On Thursday morning, a shooter killed 13 people and injured at least 20 at Umpqua Community College in Roseburg, Ore. Douglas County Sheriff John Hanlin confirmed to reporters in the afternoon that the still-unidentified shooter was dead after engaging in a firefight with responding authorities. Specific details are still emerging about the shooter and victims, but the Umpqua shooting is already devastatingly similar to the one at Columbine — the infamous 1999 incident in Littleton, Colo. Update: Hanlin confirmed the number of fatalities at 10, including the gunman, and the injuries at seven at 5 p.m. PST. The shooter was identified by the New York Times as 26-year-old Chris Harper Mercer on Thursday night. The victims' names were released Friday night: Lucero Alcaraz, 19; Treven Taylor Anspach, 20; Rebecka Ann Carnes, 18; Quinn Glen Cooper, 18;Kim Saltmarsh Dietz, 59; Lucas Eibel, 18; Jason Dale Johnson, 33; Lawrence Levine, 67 (assistant professor); Sarena Dawn Moore, 44.
First of all, the two shootings have similar casualty numbers — at Columbine, 12 students and one teacher were killed and 24 were injured, while the death toll at Umpqua has been reported at 13 as of Thursday afternoon, with more than 20 injured — though Sheriff John Hamlin has said he can only confirm 10 fatalities and seven injuries.
The Umpqua shooter has not yet been named, but officials confirmed it was a 20-year-old white male who opened fire at Snyder Hall, a classroom located on the southeast end of the community college. As many remember, two Columbine students, Eric Harris and Dylan Klebold, brought automatic weapons to their high school, shooting their classmates and teacher in an approximately 45-minute spree. While Columbine involved two shooters and Umpqua involved only one, the perpetrators in both tragedies were killed at the scene.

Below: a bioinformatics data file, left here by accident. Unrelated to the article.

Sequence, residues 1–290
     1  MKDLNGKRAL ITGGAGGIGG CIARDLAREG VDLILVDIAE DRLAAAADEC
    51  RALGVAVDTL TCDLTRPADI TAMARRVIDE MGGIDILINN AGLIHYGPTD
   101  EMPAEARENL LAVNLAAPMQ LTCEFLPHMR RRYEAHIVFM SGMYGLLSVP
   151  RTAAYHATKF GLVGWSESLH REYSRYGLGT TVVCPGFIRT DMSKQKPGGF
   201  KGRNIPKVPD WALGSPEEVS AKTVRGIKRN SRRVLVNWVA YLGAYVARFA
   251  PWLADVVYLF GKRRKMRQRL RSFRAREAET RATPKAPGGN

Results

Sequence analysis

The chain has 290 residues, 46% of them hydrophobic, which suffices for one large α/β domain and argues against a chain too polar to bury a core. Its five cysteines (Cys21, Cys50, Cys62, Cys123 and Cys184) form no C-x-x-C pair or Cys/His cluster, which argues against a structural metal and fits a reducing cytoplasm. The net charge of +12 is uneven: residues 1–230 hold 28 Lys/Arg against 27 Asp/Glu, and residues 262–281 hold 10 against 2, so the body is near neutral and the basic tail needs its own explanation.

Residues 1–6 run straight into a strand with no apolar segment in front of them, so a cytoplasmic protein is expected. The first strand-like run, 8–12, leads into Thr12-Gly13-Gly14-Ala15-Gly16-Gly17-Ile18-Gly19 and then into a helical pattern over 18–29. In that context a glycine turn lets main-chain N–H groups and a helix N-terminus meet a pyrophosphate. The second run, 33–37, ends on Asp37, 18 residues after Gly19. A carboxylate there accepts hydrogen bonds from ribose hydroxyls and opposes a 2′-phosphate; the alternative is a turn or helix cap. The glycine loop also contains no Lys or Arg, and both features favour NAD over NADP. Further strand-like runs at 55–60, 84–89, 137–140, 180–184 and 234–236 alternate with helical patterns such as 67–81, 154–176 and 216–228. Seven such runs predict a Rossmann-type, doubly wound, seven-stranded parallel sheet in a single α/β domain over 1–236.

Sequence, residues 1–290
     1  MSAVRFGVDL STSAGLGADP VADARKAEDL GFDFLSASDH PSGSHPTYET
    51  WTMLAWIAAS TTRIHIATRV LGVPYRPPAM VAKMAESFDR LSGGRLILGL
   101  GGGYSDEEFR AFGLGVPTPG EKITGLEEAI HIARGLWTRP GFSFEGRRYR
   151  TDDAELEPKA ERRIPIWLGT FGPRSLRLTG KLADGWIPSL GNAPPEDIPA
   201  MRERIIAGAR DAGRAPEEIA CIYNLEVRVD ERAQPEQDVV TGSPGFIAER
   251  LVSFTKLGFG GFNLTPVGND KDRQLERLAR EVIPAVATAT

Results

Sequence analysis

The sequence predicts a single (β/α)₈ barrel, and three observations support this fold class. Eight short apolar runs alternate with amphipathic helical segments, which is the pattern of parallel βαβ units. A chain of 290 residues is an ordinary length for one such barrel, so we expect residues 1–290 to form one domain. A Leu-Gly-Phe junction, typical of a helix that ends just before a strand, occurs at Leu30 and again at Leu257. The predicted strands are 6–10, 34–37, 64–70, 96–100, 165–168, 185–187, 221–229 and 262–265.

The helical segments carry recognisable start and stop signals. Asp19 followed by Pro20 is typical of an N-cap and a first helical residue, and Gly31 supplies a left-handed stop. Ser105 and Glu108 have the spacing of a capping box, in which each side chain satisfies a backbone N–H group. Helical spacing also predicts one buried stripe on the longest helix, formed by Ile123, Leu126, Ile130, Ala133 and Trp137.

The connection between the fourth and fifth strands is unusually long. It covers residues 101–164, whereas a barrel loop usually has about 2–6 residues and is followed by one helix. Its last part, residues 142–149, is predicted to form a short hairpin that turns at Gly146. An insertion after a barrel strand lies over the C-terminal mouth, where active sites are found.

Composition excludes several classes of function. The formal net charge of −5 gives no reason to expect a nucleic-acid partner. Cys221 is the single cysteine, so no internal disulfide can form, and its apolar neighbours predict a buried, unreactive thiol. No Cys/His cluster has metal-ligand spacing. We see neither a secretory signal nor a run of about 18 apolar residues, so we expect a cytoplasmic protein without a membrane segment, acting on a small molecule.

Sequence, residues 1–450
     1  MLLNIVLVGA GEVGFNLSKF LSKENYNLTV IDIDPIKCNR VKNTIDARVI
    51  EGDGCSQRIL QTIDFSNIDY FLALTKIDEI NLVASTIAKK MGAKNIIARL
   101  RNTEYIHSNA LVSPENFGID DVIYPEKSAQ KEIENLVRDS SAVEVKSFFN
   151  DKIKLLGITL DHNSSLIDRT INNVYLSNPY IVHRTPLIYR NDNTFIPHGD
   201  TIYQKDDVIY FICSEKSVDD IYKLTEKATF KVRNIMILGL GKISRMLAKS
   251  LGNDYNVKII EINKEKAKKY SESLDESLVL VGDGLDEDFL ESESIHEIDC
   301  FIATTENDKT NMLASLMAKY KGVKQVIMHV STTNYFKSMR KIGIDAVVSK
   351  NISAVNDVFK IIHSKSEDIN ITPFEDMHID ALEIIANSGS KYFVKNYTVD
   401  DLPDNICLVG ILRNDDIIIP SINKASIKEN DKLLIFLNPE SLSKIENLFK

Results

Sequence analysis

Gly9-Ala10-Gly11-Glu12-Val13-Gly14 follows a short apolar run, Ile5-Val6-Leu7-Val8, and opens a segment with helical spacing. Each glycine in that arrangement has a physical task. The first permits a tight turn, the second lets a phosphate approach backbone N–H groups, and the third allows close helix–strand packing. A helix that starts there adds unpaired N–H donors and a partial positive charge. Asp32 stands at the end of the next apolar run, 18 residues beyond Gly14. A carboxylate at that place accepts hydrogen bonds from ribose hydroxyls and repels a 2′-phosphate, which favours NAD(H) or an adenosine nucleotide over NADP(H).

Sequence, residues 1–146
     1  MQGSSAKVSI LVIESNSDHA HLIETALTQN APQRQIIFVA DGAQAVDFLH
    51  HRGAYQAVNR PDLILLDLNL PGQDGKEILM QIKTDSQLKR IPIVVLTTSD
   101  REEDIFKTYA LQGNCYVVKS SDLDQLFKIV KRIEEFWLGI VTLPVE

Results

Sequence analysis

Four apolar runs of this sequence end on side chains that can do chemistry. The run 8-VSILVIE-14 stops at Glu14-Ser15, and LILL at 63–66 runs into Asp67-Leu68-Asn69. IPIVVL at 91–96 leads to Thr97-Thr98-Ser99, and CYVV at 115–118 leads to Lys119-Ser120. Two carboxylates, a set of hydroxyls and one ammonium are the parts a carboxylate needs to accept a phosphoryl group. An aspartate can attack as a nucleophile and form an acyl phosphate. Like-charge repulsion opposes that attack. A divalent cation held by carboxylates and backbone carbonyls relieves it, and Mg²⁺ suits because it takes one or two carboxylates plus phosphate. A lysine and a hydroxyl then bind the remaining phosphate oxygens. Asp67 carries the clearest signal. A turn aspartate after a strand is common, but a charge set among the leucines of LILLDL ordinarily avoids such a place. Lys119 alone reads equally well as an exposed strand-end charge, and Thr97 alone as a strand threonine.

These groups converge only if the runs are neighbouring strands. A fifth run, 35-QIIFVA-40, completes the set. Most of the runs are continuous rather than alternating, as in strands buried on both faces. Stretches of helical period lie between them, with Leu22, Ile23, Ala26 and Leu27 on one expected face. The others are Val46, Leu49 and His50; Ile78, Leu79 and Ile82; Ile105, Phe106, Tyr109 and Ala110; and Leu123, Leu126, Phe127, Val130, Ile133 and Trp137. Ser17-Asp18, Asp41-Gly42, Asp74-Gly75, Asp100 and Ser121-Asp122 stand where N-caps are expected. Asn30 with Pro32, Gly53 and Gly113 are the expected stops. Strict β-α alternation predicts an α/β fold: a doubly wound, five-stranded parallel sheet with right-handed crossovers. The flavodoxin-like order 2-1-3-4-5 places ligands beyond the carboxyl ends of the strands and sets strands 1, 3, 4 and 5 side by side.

Both mass shootings also have a possible religious element. Following the tragedy at Columbine, it was reported that one victim, Cassie Bernall, was killed after she answered "yes" when one of the shooters asked her if she believed in God. However, subsequent investigation into the shooting revealed that it wasn't Barnell, but another student, Valeen Schnurr, who had been asked about her faith. The Washington Post reported that Schnurr was asked if she believed in God, and after she said "yes," the shooter walked away and let her live. Despite the religious questioning though, the Columbine shooting was linked to the fact that both shooters had been bullied for years, and they committed suicide after their rampage.
It's still unclear exactly what happened at Umpqua, or what the shooter's motives were, but local outlet News-Review Today reported that Kortney Moore, an 18-year-old Umpqua student in a classroom where the shooting took place, claimed that the shooter asked people to stand up and state their religion before he started firing his weapon. It's still unknown whether the shooter committed suicide or was killed by police, but Sheriff Hanlin told The New York Times: "The threat was neutralized. Officers continued to sweep the campus looking for other threats ... The shooter is deceased."
Sixteen years apart, these two tragic school shootings are too similar. And as more information emerges about the Umpqua victims and the shooter's motive, the small Oregon town is now forever tied to Columbine.